Chip, or EMV, credit cards usage is set to become the retail standard as of today, but while credit card companies and retailers agree security should increase there is a divergence of opinion on whether the roll-out has been handled properly.
On October 1 all retailers in the United States were supposed to be prepared to accept EMV, or EuroPay, MasterCard, Visa, cards as a form of payment. However, according to the National Retail Federation, citing data from creditcard.com, only 40 percent of Americans have so far received a chip card. On the retail side, MasterCard told SCMagazine in an email on Wednesday that 26 percent of national and regional merchants are accepting the new cards along with 320,000 local retailers.
The National Retail Federation said in a statement sent to SCMagazine.com that since chip card users do not also have to input a PIN the new cards are not that secure. The NRF and the retail industry have called for chip-and-PIN cards, but the card industry is issuing cards in the U.S. that only require a fraud-prone signature as proof of identify, the NRF wrote.
“The transition to chip and signature cards is still only a half measure—cards without PINs are not the safest possible measure,” said Mallory Duncan, senior vice president and general counsel for the National Retail Federation (NRF) in a written statement. She added that the banks are refusing to include PINs.
Carolyn Balfany, MasterCard's safety and security expert, agreed, telling SCMagazine.com in an email Thursday that “MasterCard supports both chip-and-signature and chip-and-PIN – ultimately, it's up to the issuer to decide." Balfany stressed that "chip transactions protect consumers from counterfeit which is, hands down, the prevalent form of fraud in the U.S. PIN also protects against lost and stolen card fraud.”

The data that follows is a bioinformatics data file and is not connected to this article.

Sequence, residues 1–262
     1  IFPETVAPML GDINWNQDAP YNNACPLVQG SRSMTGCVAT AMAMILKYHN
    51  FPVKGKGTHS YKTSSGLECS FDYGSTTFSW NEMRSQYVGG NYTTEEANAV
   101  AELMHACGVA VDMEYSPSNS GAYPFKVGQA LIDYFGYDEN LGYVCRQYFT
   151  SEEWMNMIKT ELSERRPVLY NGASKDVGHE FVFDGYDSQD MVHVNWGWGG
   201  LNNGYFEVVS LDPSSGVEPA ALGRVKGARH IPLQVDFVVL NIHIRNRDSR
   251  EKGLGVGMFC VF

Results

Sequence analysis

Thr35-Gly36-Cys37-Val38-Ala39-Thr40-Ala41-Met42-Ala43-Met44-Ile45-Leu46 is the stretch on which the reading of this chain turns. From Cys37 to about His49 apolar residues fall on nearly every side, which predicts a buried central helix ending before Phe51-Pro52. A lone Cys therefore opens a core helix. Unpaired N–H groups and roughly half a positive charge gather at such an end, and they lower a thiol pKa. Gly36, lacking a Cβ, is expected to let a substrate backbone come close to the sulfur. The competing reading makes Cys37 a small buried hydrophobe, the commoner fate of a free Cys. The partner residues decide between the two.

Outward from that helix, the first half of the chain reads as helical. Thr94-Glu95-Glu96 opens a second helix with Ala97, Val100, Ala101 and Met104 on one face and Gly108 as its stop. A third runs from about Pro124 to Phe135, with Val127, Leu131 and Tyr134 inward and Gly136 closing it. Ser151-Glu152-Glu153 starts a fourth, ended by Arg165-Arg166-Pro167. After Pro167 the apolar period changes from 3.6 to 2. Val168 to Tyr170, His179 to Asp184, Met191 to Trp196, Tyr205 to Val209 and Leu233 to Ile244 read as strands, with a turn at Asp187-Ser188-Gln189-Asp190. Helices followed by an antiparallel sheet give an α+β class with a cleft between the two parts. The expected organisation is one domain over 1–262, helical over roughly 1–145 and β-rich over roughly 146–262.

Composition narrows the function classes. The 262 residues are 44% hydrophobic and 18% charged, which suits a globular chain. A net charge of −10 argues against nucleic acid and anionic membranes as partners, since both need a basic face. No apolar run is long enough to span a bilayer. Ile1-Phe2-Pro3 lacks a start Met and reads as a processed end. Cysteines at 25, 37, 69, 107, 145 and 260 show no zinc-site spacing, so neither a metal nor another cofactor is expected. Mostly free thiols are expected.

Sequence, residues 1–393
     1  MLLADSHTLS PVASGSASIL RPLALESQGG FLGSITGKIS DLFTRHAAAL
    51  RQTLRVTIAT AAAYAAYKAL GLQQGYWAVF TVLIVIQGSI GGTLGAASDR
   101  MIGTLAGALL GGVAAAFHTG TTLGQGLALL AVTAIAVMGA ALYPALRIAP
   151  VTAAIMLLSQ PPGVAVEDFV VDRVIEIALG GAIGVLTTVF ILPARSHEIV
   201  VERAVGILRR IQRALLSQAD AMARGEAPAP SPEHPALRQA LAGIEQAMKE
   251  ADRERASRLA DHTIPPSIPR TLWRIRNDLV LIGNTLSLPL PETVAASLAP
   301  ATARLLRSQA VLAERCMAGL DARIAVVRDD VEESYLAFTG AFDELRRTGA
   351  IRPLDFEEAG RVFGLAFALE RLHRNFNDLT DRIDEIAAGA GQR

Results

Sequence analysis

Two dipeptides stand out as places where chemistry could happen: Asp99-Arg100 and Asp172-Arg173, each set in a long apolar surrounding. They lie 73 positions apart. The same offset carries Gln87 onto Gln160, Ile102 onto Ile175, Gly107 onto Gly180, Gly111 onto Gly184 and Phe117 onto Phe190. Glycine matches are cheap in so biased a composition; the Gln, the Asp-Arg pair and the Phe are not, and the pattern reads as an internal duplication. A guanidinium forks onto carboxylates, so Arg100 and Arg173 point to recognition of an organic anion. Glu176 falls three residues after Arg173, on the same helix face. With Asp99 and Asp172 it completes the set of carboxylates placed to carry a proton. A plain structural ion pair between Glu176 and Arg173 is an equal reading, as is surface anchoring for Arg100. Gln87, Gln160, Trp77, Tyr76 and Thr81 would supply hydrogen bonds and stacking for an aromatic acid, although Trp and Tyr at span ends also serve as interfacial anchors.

The switch over to chip cards, which have been a standard in Europe for many years, is expected to boost point of sale security, hopefully, making it tougher for criminals to perpetrate hacks similar to those that struck Target and Home Depot.
“There are no silver bullets to prevent fraud. 80+ countries that have already implemented EMV have seen counterfeit fraud reduced by significant amounts – hundreds of millions of dollars,” Balfany said.
Under the new guidelines liability for fraudulent credit card activity will be shifted from the credit card companies, Visa and MasterCard, to the retailer or whichever party is the least EMV-compliant in a fraudulent transaction, said Kathy Boerner, MasterCard spokeswoman to SCMagazine.com in a Wednesday email.
Getting consumers, retailers, banks and credit cards all on the same page is proving to be a time consuming venture with some finger pointing taking place over why chip cards have not been fully implemented by the Oct. 1 deadline.
“Banks have failed to meet their own deadline for converting to chip cards, but America's retailers are open for business either way,” Duncan said, adding, “Furthermore, credit card companies have been unable to grant the necessary software and payment terminals certifications to stores nearly fast enough to meet their own deadlines. Consequently many retailers have chip-reading terminals set up in their stores, but they can't turn them on until they've been certified by the credit card companies.”
Balfany countered, saying that Mastercard does not handle software and payment terminal certification and that card distribution is growing.
“It is estimated that 63 percent of their credit and debit cards will contain EMV chips by the end of this year, expanding to 98 percent by the end of 2017,” she said, adding, “The evolution to chip technology will not happen overnight, but as issuers, merchants and consumers learn about and adopt this new payment technology, they will begin to see the benefits of a safer, more convenient shopping experience.”